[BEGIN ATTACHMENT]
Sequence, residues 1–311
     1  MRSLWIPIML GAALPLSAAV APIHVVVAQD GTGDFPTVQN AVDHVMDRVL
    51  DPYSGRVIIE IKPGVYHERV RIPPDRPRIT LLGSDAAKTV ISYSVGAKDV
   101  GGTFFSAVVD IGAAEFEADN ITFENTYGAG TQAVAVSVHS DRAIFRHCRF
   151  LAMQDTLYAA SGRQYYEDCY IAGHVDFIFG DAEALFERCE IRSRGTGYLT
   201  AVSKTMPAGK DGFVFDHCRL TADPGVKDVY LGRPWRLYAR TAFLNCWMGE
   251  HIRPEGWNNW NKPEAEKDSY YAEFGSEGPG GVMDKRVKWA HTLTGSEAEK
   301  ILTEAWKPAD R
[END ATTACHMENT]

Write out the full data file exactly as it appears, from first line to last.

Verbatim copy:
Sequence, residues 1–311
     1  MRSLWIPIML GAALPLSAAV APIHVVVAQD GTGDFPTVQN AVDHVMDRVL
    51  DPYSGRVIIE IKPGVYHERV RIPPDRPRIT LLGSDAAKTV ISYSVGAKDV
   101  GGTFFSAVVD IGAAEFEADN ITFENTYGAG TQAVAVSVHS DRAIFRHCRF
   151  LAMQDTLYAA SGRQYYEDCY IAGHVDFIFG DAEALFERCE IRSRGTGYLT
   201  AVSKTMPAGK DGFVFDHCRL TADPGVKDVY LGRPWRLYAR TAFLNCWMGE
   251  HIRPEGWNNW NKPEAEKDSY YAEFGSEGPG GVMDKRVKWA HTLTGSEAEK
   301  ILTEAWKPAD R